The artisans of surgery

Olaf Gjerløw Aasland About the author

Practice and experience are fundamental to surgery. But isn’t talent important, too?

Among the professions, it is only practitioners of medicine who regard their work as an art – the art of healing. The German philosopher Hans-Georg Gadamer (1900 – 2002) points out, however, that doctors are not creative artists, only Nature is (1). On the other hand, it is the task of doctors to restore and repair where accident or wear and tear has disturbed the natural processes, when there is a need to reposition, resection, regenerate or rehabilitate. It is therefore more fitting to view doctors as artisans (2).

The art of healing has two roots – an academic/medical one and a practical/surgical one. Through the course of history these two roots have been partly fused, partly separate (3). In terms of prestige, there is a hierarchy in modern medicine which puts surgery at the top, medicine in the middle and psychiatry at the bottom (4). Although prestige is not the same as trust, it is not unlikely that surgeons score highly in that category, too. We simply cannot refrain from trusting them; most of us will sooner or later end up on the operating table, where we voluntarily submit to being anaesthetised and commit our frail bodies into their hands. It provides some reassurance to know that surgeons themselves lie down on the operating table at least as often as the rest of us (5).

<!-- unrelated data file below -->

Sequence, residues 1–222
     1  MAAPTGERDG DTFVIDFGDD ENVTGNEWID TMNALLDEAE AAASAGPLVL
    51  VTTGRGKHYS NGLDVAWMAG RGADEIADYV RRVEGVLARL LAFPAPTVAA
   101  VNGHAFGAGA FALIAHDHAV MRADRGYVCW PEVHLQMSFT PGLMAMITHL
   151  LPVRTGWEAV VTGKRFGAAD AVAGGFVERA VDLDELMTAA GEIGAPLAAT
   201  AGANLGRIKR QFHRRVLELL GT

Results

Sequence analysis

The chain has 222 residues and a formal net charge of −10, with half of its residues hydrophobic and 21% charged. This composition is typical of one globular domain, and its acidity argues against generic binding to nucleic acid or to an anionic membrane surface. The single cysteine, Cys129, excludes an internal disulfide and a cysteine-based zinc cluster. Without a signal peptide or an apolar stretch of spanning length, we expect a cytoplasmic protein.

But it is equally reassuring to know that the surgeon who is about to operate on you is not a complete novice, something that we virtually take for granted. There is little help to be gained from many years of theoretical study if what needs to be done is first and foremost a matter of manual dexterity, talent and experience. In that regard, an operation might well be compared to a concert – with the surgical team as the ensemble and the surgeon as the soloist. To be a good soloist requires musical talent, perfect mastery of the instrument, and an ability to deliver when needed. Surgery is artistic craftsmanship of the highest order, with human material as one’s clay, where the stakes are high and the margins for error are small. The object is to restore Nature itself to its rightful place.

Before trainee surgeons can be let loose on real live patients, we therefore need to know that they have mastered their instrument, in this case the basic surgical skills required to do the job. This has always been at the core of the solid craftsman and master-apprentice tradition that surgery represents. But although the master-apprentice principle is still being practised, we now live in an age when it is not enough that the master has personal responsibility for the apprentice to be fully trained and qualified. Over the years, medical training and approval («the journeyman’s examination») have come to be based on specific requirements for each individual specialty, with a rapidly growing need to document everything that is done and everything that happens.